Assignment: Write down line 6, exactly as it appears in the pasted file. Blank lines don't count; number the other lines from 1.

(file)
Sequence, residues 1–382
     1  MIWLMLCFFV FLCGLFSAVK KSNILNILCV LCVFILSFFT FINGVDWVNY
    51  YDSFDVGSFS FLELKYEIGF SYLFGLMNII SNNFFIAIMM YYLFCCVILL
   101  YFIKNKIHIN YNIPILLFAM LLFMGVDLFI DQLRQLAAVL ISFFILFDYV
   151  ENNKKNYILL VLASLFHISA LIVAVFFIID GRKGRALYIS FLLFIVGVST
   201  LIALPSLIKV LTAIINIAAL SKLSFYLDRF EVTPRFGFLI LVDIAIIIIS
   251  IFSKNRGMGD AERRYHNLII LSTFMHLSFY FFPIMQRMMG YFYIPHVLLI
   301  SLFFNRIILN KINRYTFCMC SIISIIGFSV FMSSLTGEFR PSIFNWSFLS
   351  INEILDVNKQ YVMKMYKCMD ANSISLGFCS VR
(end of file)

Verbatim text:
   201  LIALPSLIKV LTAIINIAAL SKLSFYLDRF EVTPRFGFLI LVDIAIIIIS